1966, Senegal/France, directed by Ousmane Sembène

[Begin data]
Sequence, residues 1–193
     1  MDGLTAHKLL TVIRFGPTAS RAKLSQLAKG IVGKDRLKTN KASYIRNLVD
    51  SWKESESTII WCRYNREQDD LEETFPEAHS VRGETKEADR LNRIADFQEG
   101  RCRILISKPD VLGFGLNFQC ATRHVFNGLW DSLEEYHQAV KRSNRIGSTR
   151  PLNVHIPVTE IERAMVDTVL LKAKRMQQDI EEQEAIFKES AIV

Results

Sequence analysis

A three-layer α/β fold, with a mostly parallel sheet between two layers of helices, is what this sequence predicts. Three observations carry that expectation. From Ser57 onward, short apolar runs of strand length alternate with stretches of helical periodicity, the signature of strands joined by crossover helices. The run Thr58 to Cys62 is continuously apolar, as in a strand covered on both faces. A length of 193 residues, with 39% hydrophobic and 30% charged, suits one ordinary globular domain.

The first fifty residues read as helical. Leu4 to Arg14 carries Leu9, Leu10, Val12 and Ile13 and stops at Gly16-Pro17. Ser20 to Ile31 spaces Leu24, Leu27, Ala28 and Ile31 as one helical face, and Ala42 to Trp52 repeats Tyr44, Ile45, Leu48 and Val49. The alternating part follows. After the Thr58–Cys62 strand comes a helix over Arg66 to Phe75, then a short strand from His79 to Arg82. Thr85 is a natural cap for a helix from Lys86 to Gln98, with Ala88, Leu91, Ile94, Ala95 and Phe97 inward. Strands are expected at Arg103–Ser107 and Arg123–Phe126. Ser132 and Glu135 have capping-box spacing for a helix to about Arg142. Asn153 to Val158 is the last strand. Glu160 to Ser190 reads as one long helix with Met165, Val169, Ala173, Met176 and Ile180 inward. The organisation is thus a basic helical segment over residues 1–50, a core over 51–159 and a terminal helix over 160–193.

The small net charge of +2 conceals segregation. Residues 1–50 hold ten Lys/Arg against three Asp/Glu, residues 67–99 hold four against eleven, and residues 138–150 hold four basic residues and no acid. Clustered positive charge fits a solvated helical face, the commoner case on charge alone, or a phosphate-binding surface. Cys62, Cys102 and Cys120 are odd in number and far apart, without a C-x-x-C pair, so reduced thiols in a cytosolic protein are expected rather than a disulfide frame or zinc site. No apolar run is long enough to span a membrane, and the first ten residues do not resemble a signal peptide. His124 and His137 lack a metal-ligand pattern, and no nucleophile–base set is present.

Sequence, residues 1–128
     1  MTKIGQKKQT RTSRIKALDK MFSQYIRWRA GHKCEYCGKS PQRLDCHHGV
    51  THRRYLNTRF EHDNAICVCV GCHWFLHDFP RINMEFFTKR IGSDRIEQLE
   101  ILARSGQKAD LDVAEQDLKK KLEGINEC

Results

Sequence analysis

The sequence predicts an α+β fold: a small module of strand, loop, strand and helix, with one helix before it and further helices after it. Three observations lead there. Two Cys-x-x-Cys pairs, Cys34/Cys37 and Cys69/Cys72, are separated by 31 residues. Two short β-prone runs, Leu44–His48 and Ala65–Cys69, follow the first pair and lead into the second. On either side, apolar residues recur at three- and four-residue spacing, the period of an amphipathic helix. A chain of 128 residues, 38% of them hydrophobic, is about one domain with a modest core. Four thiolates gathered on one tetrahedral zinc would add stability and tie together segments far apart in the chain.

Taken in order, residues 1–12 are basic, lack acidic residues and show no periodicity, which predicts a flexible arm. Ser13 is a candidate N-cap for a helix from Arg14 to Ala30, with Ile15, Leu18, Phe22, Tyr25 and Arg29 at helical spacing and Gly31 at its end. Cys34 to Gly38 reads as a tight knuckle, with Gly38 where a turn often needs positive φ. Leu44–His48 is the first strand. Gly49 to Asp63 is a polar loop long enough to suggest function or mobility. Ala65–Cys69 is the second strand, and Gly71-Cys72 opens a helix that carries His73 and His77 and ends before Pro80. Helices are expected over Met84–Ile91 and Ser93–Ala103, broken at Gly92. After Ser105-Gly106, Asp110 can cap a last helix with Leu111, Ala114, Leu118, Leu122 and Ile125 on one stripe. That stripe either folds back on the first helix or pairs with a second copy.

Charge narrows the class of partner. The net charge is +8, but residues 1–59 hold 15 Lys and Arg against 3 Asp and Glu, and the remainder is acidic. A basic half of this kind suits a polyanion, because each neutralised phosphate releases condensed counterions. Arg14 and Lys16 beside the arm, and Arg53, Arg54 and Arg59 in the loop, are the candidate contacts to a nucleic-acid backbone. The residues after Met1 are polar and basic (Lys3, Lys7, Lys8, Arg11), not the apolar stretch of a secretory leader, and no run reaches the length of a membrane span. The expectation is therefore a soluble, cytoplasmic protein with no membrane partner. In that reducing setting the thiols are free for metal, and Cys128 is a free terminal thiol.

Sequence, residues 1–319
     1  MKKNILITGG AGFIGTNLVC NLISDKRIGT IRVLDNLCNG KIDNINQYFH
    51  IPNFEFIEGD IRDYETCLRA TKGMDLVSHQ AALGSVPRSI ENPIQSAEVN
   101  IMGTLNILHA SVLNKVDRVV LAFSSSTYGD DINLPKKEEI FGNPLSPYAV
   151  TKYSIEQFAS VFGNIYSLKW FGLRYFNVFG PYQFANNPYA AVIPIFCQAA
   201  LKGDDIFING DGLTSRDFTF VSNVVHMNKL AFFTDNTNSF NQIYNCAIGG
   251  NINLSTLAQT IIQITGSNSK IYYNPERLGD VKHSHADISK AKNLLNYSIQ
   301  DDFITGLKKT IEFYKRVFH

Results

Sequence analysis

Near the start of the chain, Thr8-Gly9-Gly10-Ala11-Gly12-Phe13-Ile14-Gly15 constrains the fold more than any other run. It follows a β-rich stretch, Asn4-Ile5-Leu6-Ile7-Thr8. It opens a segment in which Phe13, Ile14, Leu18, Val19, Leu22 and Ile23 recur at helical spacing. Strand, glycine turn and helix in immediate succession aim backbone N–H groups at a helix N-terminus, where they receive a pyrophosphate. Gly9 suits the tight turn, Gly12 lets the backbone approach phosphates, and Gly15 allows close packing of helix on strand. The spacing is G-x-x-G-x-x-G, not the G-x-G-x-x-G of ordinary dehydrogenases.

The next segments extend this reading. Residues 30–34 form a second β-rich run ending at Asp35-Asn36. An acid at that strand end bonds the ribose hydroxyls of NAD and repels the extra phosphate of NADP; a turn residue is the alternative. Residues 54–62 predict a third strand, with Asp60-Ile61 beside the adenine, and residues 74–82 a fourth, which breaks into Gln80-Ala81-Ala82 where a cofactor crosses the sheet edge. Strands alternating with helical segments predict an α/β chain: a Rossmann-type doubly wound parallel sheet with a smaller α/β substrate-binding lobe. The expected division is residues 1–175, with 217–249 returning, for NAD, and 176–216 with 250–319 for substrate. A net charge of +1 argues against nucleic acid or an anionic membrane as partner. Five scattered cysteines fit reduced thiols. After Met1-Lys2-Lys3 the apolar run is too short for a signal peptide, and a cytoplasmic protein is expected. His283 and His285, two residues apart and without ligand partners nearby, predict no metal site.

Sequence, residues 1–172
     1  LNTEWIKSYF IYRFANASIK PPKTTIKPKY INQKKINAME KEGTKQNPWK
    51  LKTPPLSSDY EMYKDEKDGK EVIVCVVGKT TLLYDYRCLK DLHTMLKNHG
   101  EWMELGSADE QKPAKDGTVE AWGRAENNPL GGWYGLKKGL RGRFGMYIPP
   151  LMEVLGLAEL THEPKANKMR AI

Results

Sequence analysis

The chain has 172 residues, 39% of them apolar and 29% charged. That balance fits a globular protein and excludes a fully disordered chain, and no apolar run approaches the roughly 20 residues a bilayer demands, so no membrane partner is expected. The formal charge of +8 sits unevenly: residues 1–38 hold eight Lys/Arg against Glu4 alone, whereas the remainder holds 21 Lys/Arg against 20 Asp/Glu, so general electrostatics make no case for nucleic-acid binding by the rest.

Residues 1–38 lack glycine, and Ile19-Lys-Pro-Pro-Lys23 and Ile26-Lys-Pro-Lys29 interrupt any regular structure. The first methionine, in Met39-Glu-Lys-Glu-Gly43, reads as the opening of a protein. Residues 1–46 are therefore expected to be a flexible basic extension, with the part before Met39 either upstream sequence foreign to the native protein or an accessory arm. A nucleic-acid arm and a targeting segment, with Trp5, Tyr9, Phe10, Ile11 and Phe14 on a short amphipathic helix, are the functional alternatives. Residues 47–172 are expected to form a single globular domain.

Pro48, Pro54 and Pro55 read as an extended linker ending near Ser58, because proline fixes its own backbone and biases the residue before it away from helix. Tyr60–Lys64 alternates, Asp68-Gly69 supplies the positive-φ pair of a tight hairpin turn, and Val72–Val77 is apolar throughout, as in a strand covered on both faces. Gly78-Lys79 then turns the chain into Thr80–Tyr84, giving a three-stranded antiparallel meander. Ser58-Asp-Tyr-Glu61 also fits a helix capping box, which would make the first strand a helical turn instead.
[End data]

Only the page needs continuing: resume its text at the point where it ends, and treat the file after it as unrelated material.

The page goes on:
Generally recognized as the first feature film (at just over an hour) made by a black African director, La Noire de... arrives fully formed, with an angry political conscience and ambitions to critique the colonial and post-colonial experience that are, by and large, met. Of course, Ousmane Sembène was hardly a neophyte, having already published several novels that shed light on colonial, and immediate post-independence, African life. The brief tale of a young African woman who travels to the French Riviera to work as a nanny for a French family who had also employed her in Senegal, the film is an outraged coming-to-consciousness tale, as the young woman evaluates her own self-worth in light of the treatment she experiences at the hand of her employer. Although her ultimate fate is perhaps rather extreme, there's nothing unusual, even today, in some of the daily humiliations experienced; if Sembène's vision is disheartening, that's perhaps especially because little has changed in the relationship between colonizer and colonized in the intervening 40 years. Although Sembène received his formal cinematic training in the USSR, the film is shot through with the influence of the early nouvelle vague films, lending the film an immediacy and power that belie its relative technical limitations.